Team New Zealand sailed out from Auckland harbour Wednesday to the sounds of a Maori haka and returned to an almighty roar as they once again clinched the America's Cup.
Even the sound of foghorns blaring from hundreds of boats could not drown out the cheers from tens of thousands of Kiwi fans celebrating their team's victory in yachting's most prestigious trophy.
Crowds thronged Auckland's waterfront Viaduct precinct, with few signs New Zealand's largest city emerged from Covid-19 lockdown just 11 days ago.
Notices urged spectators to scan into contact tracing apps, but that reminder of the virus did little to quell the party atmosphere among the maskless crowds.
With no social distancing needed in a country that has largely contained the virus, open-air bars and fan zones were packed shoulder-to-shoulder as crowds intently watched the race on big screens.
A lucky few queued up early to secure spots on charter boats heading out as part of a huge spectator fleet to view racing between team New Zealand and Italy's Luna Rossa live on the water.
"The atmosphere is brilliant, electric," Irishman Mark Moynahan said, celebrating an America's Cup-St Patrick's Day double.
"Being out of lockdown is fantastic. It feels like people are breathing again, enjoying themselves, which is what it's all about."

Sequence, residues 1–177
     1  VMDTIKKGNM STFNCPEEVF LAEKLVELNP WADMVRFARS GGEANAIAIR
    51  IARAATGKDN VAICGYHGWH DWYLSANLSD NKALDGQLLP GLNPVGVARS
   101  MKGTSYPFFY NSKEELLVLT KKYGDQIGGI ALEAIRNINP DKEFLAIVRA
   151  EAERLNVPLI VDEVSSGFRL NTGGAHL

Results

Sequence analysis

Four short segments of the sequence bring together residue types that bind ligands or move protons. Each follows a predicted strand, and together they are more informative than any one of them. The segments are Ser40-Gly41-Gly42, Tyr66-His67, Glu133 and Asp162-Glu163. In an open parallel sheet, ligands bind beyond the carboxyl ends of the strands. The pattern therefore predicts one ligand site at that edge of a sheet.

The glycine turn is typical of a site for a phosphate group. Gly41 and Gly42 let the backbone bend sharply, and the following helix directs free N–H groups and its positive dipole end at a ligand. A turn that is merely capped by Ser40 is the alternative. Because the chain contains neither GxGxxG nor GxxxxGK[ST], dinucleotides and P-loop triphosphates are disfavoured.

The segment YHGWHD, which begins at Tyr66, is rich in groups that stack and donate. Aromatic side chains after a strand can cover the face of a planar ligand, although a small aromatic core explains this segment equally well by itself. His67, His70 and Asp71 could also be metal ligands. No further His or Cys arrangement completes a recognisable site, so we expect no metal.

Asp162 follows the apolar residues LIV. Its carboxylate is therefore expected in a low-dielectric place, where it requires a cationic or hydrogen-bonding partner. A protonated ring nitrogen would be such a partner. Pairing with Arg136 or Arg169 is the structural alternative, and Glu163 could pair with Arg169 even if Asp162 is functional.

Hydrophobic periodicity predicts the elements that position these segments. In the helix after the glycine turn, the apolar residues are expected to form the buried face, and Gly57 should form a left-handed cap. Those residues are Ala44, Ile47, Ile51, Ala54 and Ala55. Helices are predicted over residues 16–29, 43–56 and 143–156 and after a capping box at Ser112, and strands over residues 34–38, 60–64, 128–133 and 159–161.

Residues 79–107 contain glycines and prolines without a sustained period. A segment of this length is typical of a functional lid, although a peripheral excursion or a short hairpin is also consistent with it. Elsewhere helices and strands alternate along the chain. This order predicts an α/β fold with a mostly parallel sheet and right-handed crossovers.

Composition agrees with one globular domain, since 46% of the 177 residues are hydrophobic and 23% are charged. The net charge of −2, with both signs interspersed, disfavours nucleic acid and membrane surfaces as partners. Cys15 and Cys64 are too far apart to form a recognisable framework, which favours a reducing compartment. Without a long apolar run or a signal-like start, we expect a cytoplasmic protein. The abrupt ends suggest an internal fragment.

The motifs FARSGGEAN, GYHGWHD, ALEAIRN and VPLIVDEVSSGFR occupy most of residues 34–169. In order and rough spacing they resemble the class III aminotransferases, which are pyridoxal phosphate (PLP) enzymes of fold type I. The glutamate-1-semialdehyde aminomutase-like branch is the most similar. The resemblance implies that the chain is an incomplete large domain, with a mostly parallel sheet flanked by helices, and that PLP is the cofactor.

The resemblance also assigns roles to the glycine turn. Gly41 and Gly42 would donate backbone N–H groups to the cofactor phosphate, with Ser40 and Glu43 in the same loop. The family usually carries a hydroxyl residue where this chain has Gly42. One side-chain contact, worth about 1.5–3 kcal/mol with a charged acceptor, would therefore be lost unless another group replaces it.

- 'We pulled it off' -
The pandemic did have an impact on the regatta, forcing the cancellation of some warm-up events and preventing overseas sailing enthusiasts from attending.
There were only a few super-yachts dotted around Auckland's docks, rather than the 150-plus organisers had hoped to attract with their big-spending, mega-wealthy owners.
"It's a little disappointing. If borders were open there would have been so many more people here." long-time sailing fan Garry Allport said.
"We've got a great atmosphere here today but overall, because of the situation, the event hasn't got the international visitors it deserves."
A knot of Italian fans gathered at Luna Rossa's base to give the day's events a much-needed international flavour.
The Italian crew were up against it, with Team New Zealand needing just one more race victory to reach the seven wins needed to claim the best-of-13 trophy.
They remained defiantly upbeat heading out to the racecourse, blowing kisses and playing the national anthem as their supporters yelled "Forza!"
Anna Smyk-Grosso originally hailed from Poland but said she was flying the flag for Europe and her Italian husband.
"Luna Rossa haven't had much support and the Kiwis have had a lot," she said, with Italy's tricolore flag draped around her shoulders.
"For me, they've also been very unlucky at times."
But the day was essentially a victory lap for Team New Zealand, who cruised around the shore to give fans a better view of their hi-tech yacht instead of making their way straight to the racecourse.
"It's amazing, just amazing," Lois Madgwick said. "I came along today because I'm 75 and probably won't be here for the next America's Cup.
"I'm so glad I did and so proud to be a Kiwi today."
Madgwick said New Zealanders had overcome numerous challenges just to stage the regatta, let alone win it.
"We're this little country at the bottom of the world and it's been really, really hard for everyone," she said.
"But we did it, we kept everything together and we pulled it off."